June 2011

WOW! What a crazy wonderful week.

In the past I’ve written a lot about the power of a positive attitude and the many benefits it can have on our lives. Especially as seniors. It really worked for us this week.


As I mentioned in my last blog, my father passed away one year ago. An anniversary of this type can be very depressing and downright difficult while marking the passing of a loved one. We decided we would remember Dad, but in his honor, would also try to have fun. First, we invited some of my wife’s family, her aunt Pat and Uncle Noel, to visit for the week. We had a great time showing them our part of the country and even had a great night out with them and good friends.


Then, as the week progressed, several family members who were planning to gather at our home over the weekend began to report very strange and amusing happenings. Typical day-to-day problems or issues  were being miraculously and quickly resolved. In my case, I was trimming a large palm tree high over head. At one point my cutting blade got loose and when I checked it, the nut was missing from the main bolt holding it together. It was a very hot day and I searched high and low for that nut. Finally, I gave up and looked in my garage for a nut that might fit. Finding one, I tried to screw it on the bolt but it became obvious it wouldn’t fit. After several minutes sweating in the hot sun trying to make it work, I looked up to the heavens. As I did, the nut slipped from my hand, bounced on the pavement, rolled all around my driveway, and came to rest – – – right next to the original nut. I looked up and said, “Thanks Dad.” With several of these occurences, our family began to laugh and suggest Dad was orchestrating a celebratory week of remembrance.


I know what you are probably saying right now, but hold on. As I walked into the house mid-week, my phone was ringing. It was a man claiming to be a news producer for CBS in Los Angeles. He was putting a segment together about the Los Angeles Dodgers and had come across the story of my father throwing out the ceremonial first pitch almost two years ago. He asked if he could interview me about my father and his being a Dodger fan given the problems the Dodger ownership have been having. I agreed, and after speaking with him, he suggested my wife Trisha and I come to Los Angeles and attend the Sunday Dodger game. He said he would conduct an interview and have his camerman with him. We thought, what a great way to remember Dad and agreed to do it. We also called 5-year-old grandson Jack who lives outside L. A. and invited him to go with us.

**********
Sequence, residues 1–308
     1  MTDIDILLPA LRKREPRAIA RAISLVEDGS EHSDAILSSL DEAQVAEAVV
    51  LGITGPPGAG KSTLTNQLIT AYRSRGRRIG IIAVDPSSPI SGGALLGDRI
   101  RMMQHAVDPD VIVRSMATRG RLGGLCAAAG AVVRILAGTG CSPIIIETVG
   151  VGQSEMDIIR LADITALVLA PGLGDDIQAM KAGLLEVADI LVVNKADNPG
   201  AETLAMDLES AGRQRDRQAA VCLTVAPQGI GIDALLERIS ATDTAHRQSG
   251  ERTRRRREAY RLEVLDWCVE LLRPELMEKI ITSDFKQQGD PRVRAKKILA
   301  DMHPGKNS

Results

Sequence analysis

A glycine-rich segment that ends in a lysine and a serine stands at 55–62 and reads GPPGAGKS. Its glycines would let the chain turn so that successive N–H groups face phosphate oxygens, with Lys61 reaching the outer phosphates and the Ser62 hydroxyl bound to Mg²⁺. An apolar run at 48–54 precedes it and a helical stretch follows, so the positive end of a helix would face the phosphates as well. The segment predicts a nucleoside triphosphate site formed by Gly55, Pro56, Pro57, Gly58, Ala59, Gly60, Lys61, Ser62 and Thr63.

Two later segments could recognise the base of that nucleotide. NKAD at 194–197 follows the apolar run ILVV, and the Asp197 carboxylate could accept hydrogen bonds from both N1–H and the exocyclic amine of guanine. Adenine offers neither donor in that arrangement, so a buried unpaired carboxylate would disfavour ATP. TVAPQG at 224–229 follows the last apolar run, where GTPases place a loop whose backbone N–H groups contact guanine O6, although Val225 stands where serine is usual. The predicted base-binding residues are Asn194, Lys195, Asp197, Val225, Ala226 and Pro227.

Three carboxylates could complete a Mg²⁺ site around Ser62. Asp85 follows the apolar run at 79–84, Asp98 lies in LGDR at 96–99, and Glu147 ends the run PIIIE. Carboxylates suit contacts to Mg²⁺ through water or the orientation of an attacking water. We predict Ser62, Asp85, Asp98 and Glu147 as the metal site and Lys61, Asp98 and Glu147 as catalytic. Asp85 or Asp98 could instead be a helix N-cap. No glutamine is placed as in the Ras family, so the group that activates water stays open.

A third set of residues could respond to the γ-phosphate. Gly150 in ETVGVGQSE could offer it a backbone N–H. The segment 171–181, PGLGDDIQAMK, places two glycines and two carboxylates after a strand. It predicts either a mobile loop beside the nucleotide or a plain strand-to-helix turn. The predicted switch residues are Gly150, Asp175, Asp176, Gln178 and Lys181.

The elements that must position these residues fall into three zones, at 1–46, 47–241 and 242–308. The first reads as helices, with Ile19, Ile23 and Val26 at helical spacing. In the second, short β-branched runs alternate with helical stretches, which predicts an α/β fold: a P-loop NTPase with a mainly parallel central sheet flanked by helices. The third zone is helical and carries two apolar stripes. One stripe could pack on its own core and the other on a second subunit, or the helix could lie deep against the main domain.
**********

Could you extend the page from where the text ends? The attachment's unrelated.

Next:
Understand, at the time we agreed, Trisha’s aunt and uncle needed to be at the San Francisco airport, an hour and a half drive from our home for a late morning flight. We also needed to meet family at the cemetery in the early afternoon that was another hour and a half from our home. Did I mention I needed to take my mother for lab work at the hospital and be there by 7:30 in the morning before the day even began.


It gets better. We then hosted a family dinner for thirteen people at our home and twelve of them spent the night. One of our sons, part of the “planning committee” had forgotten to mention that little detail. Oh well, we all had a great time and enjoyed every minute. It did mean breakfast for twelve in the morning and everyone pitched in. I was in charge of pancakes. After cleanup and swimming, it was now time for lunch. My wife smiled through it all, and it was great fun.


We then had to think about getting to L. A., so we called friends who live about half way and invited ourselves for the night. They not only welcomed us but prepared an incredible dinner and dessert. A super night with friends. Back on the road at 7:00 a. m., picked up Jack at Sunday school, and headed for Dodger stadium. Once there we met the producer, a very nice young man, and gave him an on-camera interview. The game was great, and we got to visit our son Michael who works for Fox Sports Net who was working the game.


By the time we got Jack home and fought the construction zones on Hwy 5, we got back just before midnight. What a week. But we remembered Dad in a style of family, friends, and fun he would have loved.


I should mention, we were shocked to learn it was not a local CBS story. The young man turned out to be a producer for the CBS Evening News with Scott Pelley. Dad’s story may be on as early as tonight, June 27. Crazy.


Keep it positive.



With Father’s Day upon us, I thought I might indulge in a bit more personal commentary. As a senior, we all must deal with the issue of mortality. Whether it’s family members, friends, or our own. It was one year ago I lost my father. I still miss him terribly. He was my dad, teacher, confidant, and best friend. I could write forever about all I learned from him and our many experiences and adventures together. Perhaps someday, when the hurt lessens, I will put them all in a book. But if I learned one lesson from dad, it was to never take yourself or life too seriously. Watching over me now, I’m sure he’s troubled by how sad I get every time I think of him, but very pleased to know each of those times ends with a big smile.

Today I want to focus on Father’s Day from a father’s viewpoint. My viewpoint. I’ve told this tale many times. It begins with my beautiful and loving wife Trisha blessing our lives with three sons. The boys in turn have given us five precious grandchildren. I’m a lucky man.